That was something to think about, How you could rifle a man down was looking at you and you at him but never see his face. I hadn’t figured it that way when I had thought on it back home. I had figured it would be fine big faces firing back and forth at each other, not threads of color off the horizon. A dance of men and not just their musket balls. (5)

Ash proves to be an excellent shot, and draws the attention of the men in her regiment, more attention than she’d like, given what she’s hiding. She finds calm and benevolent interest in the form of the regiment’s colonel, who keeps an eye out for her, so far as that goes; after all, Ash says, “death was the underclothing we all wore.”

An injury leads Ash not to death, but to her own particular version of hell. I won’t go into the specifics, since I hope you’ll discover Neverhome for yourself, but suffice to say that the second half of the novel is especially harrowing. Mr. Hunt’s pacing is impeccable, and keeps us wondering to the very end if Ash’s odyssey will ever end in homecoming.

Neverhome is a gorgeous, spellbinding book. Highly recommended.

Boston: Laird Hunt will be reading at Porter Square Books on Sunday, September 21.

And a special shout-out to Cleveland: Laird Hunt will be at the Beachwood Library on Tuesday, September 23. 

*I received a copy of this book from the publisher for review purposes, which did not affect the content of my review.

Recommended Reading: Prelude to Bruise, by Saeed Jones

Prelude to BruisePrelude to Bruise*, the first full-length collection by Saeed Jones, is unflinching and intimate, fierce and achingly vulnerable. It’s a remarkable collection, perhaps the most highly anticipated book of poems to appear this year, and it is not to be missed.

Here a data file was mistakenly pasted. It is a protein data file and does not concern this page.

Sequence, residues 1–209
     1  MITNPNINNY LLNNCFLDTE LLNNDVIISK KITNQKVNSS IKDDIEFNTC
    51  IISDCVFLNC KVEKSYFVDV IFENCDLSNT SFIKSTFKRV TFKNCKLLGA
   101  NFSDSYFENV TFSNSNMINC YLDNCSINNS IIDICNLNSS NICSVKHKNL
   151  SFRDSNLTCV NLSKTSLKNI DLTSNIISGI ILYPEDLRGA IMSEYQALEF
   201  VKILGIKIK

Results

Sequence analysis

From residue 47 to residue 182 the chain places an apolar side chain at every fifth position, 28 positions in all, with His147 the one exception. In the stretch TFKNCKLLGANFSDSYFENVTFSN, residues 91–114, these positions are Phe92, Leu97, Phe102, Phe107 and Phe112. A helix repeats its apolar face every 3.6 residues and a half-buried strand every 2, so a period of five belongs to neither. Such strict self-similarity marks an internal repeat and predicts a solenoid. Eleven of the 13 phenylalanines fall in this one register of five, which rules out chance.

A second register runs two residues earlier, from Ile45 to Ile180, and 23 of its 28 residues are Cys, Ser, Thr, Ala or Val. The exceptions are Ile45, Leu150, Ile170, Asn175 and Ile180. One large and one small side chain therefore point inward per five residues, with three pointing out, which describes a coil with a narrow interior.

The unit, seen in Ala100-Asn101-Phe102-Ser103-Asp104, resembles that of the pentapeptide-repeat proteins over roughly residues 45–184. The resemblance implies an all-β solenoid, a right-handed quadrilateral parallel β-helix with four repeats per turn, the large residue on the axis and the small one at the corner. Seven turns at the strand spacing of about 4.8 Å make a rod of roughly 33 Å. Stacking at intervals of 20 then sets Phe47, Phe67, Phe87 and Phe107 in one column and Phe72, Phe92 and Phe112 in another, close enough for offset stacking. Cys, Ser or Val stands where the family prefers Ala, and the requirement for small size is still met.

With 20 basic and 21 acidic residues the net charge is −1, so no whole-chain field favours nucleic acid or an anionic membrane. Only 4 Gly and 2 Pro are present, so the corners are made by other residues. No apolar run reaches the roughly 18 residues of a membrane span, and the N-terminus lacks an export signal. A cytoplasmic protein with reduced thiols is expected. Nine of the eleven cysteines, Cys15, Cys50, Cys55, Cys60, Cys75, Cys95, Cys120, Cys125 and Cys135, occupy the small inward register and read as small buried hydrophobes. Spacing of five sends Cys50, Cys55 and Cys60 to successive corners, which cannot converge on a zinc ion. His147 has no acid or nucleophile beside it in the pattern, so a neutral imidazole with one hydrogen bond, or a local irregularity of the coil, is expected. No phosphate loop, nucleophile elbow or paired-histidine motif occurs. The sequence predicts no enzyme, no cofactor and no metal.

These poems in Prelude to Bruise are firmly grounded in the body, and in one body in particular. The collection traces, with some digressions, the life of “Boy,” who is young, black, queer, and growing up in the South. These poems are often autobiographical, both political and personal in their evocation of the lived experience they shape and are shaped by. They are mesmerizing and dramatic.

Mr. Jones’s skill and versatility are impressive. Here you’ll find poems of varying forms, meters, and lengths. In some poems, like “Prelude to Bruise,” which lends its title to the collection, Mr. Jones explores the emotive possibilities of just a few key words (black, back, body, burning, broken); in others, metaphors and imagery take center stage (one of my favorites lines is “The dress is an oil slick”).

Prelude to Bruise is divided into six sections, and while the autobiographically inclined poems make up a large portion of the collection, poems in which Mr. Jones enters other lives (and deaths) appear throughout. Here, in poems like “Daedalus, after Icarus,” “Jasper 1998,” and “Lower Ninth,” we find a poetic voice attuned to detail and perspective, alive with empathy.